You can use your smart phone to browse stories in the comfort of your hand. Simply browse this site on your smart phone.

    Using an RSS Reader you can access most recent stories and other feeds posted on this network.

    SNetwork Recent Stories

A question of legacy: Cree writing and the origin of the syllabics – CBC

by ahnationtalk on June 2, 202054 Views

Language history was made in Canada almost 180 years ago, but not everyone agrees on whose history it was.

In the northern reaches of what is now Manitoba, at Norway House, a Christian hymn was printed in Cree syllabics — a script alien to the Western eye. The syllabics are a writing system that represents the sounds of spoken Cree in shapes and forms, without analog in Roman lettering.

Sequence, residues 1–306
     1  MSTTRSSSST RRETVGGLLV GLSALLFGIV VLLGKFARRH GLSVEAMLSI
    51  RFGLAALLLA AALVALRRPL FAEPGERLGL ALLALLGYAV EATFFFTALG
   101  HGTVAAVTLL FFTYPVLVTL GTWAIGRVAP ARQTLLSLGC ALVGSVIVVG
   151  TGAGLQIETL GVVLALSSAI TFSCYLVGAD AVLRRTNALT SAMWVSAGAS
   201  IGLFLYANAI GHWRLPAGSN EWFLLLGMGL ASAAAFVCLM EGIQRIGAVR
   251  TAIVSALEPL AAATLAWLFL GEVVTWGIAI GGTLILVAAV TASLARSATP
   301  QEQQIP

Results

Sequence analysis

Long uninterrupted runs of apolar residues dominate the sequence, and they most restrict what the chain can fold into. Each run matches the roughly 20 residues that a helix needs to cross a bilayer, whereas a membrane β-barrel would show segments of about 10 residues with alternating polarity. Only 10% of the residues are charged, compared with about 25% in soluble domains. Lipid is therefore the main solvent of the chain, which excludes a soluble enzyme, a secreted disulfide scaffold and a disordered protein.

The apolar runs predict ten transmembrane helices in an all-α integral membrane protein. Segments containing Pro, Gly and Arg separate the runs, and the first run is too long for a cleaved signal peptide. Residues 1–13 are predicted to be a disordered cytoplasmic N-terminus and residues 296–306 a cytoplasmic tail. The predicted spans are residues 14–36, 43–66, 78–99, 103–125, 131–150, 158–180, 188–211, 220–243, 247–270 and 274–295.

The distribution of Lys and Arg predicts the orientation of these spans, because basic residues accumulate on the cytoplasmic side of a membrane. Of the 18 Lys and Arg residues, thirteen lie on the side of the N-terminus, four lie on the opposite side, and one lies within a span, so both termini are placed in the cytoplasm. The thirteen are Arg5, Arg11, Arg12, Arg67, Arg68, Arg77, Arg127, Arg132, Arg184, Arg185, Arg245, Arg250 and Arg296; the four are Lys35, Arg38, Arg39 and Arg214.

That was in 1840. Early the next year, a complete booklet of select Christian hymns in Cree was published in the same script. That hymnal consisted of 20 slim pages bound in Western book form — the first booklet printed in Cree syllabics.

But the origin of the writing system is contested. Historians generally did not credit the Cree with inventing the Cree syllabary (the system of Cree syllabics). Credit for that went to James Evans, a Wesleyan Methodist Christian missionary.

Read More:

Send To Friend Email Print Story

Comments are closed.

NationTalk Partners & Sponsors Learn More